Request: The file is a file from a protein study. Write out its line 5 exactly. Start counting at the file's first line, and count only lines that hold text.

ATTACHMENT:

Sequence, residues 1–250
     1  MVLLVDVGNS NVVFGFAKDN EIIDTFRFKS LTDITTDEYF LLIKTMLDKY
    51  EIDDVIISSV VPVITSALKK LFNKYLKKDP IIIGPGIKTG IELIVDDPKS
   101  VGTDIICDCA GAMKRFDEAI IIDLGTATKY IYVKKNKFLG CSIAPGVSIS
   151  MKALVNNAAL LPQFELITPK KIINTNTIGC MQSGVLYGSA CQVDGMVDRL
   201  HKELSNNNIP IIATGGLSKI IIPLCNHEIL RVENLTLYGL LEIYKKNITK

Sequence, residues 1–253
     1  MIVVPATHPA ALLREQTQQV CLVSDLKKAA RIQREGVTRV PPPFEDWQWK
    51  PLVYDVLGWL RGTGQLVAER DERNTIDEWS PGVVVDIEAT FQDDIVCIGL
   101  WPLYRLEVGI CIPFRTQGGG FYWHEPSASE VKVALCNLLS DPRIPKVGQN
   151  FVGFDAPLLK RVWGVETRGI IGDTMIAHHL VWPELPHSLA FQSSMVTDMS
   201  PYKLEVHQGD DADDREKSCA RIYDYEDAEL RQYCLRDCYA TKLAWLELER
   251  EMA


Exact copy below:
   151  MKALVNNAAL LPQFELITPK KIINTNTIGC MQSGVLYGSA CQVDGMVDRL